The external debt stock accounts for 40.1% of total public debt. Multilateral and bilateral loans account for the bulk of the external debt at 60.2%, while commercial loans and promissory notes represent the remaining 39.8%.
Insufficient revenue continues to hamper Nigeria’s fiscal landscape, resulting in one of the highest debt-service-to-revenue ratio among African economies.

Nigeria spent N2.9trn on servicing domestic debts, and N877.5bn on external debt servicing. As at November ’21, the FGN’s debt service to revenue ratio was 76%.

The FGN’s 2022 aggregate expenditure is estimated at N17.1trn. Revenue is expected to be N10.7trn, and the deficit of N6.4trn is expected to be financed by foreign borrowings of N2.57trn, domestic borrowings of N2.57trn, privatisation proceeds of N90.7bn, and multi-lateral /bi-lateral loan drawdowns of N1.16trn. We note that the 2022 FGN budget contains a provision of N443bn for subsidy for January-June. President Buhari is seeking approval of an additional N2.5trn supplementary budget to cater for fuel subsidy.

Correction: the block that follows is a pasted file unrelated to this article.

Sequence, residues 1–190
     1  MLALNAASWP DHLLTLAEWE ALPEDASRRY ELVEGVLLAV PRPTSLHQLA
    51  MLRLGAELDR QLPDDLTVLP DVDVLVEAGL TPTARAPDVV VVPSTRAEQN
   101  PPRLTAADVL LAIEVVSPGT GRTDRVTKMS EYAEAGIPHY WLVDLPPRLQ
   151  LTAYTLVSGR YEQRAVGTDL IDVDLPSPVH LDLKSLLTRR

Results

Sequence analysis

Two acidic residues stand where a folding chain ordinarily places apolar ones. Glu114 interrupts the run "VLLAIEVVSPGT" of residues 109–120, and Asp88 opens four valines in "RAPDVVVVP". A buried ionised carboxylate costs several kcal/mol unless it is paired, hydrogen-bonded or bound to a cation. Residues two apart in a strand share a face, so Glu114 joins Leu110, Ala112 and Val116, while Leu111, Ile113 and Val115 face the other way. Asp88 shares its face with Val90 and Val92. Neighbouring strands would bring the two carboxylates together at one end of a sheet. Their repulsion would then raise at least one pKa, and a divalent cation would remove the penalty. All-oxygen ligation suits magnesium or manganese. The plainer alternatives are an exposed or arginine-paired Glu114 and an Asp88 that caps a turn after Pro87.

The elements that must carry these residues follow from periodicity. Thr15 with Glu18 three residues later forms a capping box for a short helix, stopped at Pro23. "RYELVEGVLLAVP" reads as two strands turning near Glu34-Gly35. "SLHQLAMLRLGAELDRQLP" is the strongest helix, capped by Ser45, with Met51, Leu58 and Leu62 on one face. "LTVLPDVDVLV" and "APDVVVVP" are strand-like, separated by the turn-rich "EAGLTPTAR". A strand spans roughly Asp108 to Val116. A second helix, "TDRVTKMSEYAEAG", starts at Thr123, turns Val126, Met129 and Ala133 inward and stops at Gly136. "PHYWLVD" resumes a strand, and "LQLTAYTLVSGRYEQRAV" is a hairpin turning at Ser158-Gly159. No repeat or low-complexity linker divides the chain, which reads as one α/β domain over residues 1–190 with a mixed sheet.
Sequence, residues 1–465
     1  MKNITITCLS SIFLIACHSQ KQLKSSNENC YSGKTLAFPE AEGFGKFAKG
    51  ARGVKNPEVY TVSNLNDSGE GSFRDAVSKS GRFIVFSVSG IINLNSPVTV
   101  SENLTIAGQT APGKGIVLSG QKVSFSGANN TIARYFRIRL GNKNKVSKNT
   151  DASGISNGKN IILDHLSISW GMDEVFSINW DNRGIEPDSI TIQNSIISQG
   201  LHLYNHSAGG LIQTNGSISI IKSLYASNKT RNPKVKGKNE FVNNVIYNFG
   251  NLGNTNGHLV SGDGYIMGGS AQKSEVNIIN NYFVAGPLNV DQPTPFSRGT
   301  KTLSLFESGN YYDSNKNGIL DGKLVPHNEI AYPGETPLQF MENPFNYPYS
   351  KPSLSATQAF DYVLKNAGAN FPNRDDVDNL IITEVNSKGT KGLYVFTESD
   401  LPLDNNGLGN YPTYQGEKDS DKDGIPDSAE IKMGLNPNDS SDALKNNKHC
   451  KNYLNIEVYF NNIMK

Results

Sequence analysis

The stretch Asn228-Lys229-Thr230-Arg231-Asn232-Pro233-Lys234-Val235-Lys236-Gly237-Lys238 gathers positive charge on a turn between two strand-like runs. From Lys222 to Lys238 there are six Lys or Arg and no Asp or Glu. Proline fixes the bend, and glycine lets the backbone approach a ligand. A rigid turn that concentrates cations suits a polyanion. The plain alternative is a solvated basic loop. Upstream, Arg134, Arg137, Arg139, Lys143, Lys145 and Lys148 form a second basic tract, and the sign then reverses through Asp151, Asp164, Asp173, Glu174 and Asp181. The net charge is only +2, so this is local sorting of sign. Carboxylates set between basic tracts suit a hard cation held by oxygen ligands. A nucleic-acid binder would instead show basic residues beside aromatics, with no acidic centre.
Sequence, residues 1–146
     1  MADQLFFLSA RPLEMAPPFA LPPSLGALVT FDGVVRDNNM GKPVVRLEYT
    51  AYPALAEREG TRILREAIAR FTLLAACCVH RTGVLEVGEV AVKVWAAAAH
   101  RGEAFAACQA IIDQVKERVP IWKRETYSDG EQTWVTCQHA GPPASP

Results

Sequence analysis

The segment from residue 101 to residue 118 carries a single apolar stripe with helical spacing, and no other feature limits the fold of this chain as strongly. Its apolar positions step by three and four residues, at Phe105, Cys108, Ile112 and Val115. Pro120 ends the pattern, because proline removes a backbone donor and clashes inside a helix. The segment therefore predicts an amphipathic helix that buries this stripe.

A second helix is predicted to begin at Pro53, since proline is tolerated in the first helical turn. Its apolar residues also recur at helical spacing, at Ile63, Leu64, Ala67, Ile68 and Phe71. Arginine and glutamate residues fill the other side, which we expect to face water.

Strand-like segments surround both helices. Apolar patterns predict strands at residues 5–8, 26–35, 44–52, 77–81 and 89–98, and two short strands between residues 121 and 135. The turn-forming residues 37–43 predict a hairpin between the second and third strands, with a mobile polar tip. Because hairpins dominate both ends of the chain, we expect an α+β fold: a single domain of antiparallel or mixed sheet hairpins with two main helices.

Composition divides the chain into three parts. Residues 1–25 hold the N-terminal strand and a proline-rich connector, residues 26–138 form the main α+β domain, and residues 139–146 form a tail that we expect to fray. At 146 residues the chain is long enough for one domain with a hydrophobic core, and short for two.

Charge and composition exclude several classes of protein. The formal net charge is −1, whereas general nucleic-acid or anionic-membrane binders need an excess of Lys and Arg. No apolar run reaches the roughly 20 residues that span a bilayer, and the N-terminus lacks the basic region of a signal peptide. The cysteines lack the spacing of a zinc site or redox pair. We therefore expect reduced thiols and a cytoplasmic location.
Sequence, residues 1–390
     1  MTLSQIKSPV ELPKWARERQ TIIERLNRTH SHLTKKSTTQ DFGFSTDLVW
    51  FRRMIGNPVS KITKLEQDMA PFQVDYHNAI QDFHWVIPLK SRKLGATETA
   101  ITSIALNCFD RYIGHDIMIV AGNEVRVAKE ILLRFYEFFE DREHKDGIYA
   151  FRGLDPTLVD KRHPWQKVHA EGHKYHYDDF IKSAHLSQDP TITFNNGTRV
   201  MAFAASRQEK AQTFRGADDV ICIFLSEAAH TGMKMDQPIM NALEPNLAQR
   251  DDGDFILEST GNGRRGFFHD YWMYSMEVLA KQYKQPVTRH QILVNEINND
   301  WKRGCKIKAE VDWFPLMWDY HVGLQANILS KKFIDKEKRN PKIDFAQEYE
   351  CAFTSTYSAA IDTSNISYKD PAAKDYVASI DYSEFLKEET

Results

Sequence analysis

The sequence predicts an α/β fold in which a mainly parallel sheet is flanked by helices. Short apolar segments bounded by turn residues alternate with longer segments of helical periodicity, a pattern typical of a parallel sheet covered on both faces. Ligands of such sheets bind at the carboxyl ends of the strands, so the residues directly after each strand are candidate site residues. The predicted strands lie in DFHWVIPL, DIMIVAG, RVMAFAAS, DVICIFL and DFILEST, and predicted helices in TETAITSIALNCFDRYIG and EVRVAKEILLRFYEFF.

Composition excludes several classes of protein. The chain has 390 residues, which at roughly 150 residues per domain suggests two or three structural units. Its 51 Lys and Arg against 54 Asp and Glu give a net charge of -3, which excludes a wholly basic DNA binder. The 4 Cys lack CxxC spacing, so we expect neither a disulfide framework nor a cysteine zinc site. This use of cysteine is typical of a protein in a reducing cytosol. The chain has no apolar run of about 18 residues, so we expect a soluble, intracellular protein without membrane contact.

Last week, The DMO announced that Nigeria raised USD1.25bn (N520bn) through Eurobonds. This makes Nigeria the first African country to access the international capital market (ICM) in 2022. The order book reached USD3.7bn. It included quality investors across the United States, Europe, and Asia. According to the DMO, the proceeds of the Eurobond will be used to finance critical capital projects in the budget. Additionally, it would
contribute directly to external reserves.

Despite the increase in the total public debt stock, as a percentage of GDP (22.5%), this is relatively low when compared with other African economies such as Ghana (81%), Kenya (65%), South Africa (80%) and Egypt (90%). The onus is on the FGN to ensure that borrowed funds are used productively.

Coronation Merchant Bank notes the FGN’s strategic revenue growth initiatives such as the Finance Act and other measures aimed at leveraging technology and automation in improving tax administration, as well as the introduction of a pro-health tax (excise duty on carbonated drinks). These among others are geared towards improving government revenue.